Total RNAs were extracted from infected apple leaves according to Gasic et al.  with slight modifications. Briefly, ca. 50 mg of apple, pear, or Japanese pear leaves was homogenized with 500 μl extraction buffer (2% [w/v] cetyltrimethylammonium [CTAB], 2% polyvinylpolypyrrolidone [PVP], 100 mM Tris-HCl [pH 8.0], 25 mM EDTA [pH 8.0], 2 M NaCl, 2% β-mercaptoethanol) in a Micro Smash MS-100 bead beater (TOMY, Tokyo, Japan). The homogenates were incubated at 65 °C for 15 min and then mixed with 500 μl chloroform for 2 min. After centrifugation at 10,000 rpm for 10 min, the aqueous phases were added to one-third volumes of 7.5 M LiCl and incubated at -80 °C for 30 min or -4°C overnight. After centrifugation at 14,000 rpm for 30 min, RNA pellets were washed with 70% ethanol. After DNase I treatment, phenol/chroloform extraction, and ethanol precipitation, RNA pellets were dissolved in RNase-free water at a concentration of 1 μg/μl. Small RNAs were extracted from apple leaves by using mir Vana™miRNA Isolation Kit (Ambion, TX, USA) according to Instruction Manual.
For RT-PCR, first strand cDNA was synthesized using 2 μg of RNA, oligo(dT) primer, and Rever Tra Ace reverse transcriptase (TOYOBO, Osaka, Japan). Semi-quantitative RT-PCR was conducted as described by Burton et al. . PCR amplifications were performed for 15, 18, 21, 27, and 30 cycles using a primer pair, rbcS251(+) (5'-251 CCCCTTTCTACCGAGTCCTT270-3') and rbcS(-) (Table 1) for rbcS gene and a primer pair, CPN(+) (5'-2366TCAGTTGAGCAGCTTGGT2383-3') and CPN(-) (5'-2566TATAACAGCAACTCCACC2549-3') for the CPN60α gene. Apple actin gene [a primer pair, actin (+) and actin (-) in Table 1] was used as an internal control.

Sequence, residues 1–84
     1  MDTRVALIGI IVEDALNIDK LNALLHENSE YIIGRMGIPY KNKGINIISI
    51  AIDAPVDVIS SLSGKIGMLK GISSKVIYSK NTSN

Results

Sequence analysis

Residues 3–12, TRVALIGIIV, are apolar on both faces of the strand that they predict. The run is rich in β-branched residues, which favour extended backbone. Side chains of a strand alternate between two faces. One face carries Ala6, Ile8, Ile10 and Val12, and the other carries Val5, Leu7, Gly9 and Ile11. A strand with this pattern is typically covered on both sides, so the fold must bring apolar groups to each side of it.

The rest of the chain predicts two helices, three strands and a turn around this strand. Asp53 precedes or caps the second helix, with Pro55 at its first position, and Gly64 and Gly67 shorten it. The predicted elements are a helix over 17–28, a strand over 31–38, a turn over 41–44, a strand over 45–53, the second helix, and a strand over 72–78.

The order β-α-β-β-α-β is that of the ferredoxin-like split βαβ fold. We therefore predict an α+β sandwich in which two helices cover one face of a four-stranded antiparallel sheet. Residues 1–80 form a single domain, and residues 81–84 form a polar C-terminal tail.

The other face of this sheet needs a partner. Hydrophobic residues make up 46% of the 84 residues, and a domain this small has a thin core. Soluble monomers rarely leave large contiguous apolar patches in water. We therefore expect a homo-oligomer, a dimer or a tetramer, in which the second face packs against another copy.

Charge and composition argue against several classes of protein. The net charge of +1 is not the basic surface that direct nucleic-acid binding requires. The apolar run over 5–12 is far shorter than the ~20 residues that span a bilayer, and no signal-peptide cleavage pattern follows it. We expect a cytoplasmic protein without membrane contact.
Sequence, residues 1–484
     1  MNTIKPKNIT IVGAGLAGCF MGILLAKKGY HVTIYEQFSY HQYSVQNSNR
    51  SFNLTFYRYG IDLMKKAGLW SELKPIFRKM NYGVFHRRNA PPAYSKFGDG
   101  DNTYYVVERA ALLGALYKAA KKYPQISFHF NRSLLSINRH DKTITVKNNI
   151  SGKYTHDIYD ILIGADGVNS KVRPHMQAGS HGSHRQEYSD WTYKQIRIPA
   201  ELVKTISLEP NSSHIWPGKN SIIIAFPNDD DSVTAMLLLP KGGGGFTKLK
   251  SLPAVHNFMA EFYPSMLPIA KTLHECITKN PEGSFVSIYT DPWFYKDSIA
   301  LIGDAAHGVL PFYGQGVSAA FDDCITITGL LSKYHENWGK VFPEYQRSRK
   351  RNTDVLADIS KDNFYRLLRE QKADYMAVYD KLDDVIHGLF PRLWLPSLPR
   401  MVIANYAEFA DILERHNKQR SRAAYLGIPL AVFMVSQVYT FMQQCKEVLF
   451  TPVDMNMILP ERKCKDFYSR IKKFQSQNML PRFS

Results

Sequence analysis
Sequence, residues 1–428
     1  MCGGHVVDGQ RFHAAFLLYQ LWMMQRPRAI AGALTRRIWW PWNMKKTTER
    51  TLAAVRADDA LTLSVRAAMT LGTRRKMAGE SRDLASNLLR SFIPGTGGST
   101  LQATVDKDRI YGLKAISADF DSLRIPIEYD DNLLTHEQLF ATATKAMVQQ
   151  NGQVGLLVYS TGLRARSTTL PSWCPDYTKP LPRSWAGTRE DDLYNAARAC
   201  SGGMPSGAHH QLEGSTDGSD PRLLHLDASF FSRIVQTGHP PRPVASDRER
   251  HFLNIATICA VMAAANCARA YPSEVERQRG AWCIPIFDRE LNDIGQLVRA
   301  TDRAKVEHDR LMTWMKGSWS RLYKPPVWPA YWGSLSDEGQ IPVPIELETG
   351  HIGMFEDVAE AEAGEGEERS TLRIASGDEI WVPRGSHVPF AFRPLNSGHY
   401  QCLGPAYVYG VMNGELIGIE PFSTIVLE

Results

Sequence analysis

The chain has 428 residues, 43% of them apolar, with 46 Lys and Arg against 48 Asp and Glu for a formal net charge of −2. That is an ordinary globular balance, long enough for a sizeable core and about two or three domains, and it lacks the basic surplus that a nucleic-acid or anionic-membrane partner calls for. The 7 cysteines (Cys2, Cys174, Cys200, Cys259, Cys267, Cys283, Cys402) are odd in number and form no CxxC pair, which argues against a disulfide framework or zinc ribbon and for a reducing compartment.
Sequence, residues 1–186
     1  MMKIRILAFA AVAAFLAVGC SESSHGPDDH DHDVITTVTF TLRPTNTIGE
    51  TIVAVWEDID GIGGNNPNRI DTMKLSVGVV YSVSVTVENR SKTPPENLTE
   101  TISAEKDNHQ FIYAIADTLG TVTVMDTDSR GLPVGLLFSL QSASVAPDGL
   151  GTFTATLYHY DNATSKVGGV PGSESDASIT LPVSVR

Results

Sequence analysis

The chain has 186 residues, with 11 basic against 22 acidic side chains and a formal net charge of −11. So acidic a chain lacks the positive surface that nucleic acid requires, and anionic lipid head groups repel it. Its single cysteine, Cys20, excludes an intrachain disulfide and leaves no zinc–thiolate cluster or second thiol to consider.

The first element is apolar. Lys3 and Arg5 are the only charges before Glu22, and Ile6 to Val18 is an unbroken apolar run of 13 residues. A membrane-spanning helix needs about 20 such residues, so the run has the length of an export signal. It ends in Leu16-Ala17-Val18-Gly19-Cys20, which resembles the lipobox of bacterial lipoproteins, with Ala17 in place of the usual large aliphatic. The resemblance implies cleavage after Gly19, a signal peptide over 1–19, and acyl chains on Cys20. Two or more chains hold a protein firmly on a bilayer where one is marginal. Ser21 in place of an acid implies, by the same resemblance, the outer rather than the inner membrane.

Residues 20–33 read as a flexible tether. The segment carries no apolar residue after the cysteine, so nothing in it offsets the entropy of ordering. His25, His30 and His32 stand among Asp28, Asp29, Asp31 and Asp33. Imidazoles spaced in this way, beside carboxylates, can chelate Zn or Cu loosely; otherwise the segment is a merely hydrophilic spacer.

To test the vector stability containing different size of insert, first strand cDNA was synthesized using 1 μg RNA, oligo(dT) primer, and Rever Tra Ace reverse transcriptase. PCR amplification was performed using 1 μl template cDNAs, a primer pair R2ALS+ primer (5'-1362GCGAGGCACTCCTTA1376-3') and R2ALS- (5'-1524GCAAGGTGGTCGTGA1510-3'), which were designed for the amplification of a specific region containing the insert sequence on the ALSV RNA2 genome. The PCR amplification was conducted as described by Yamagishi et al. .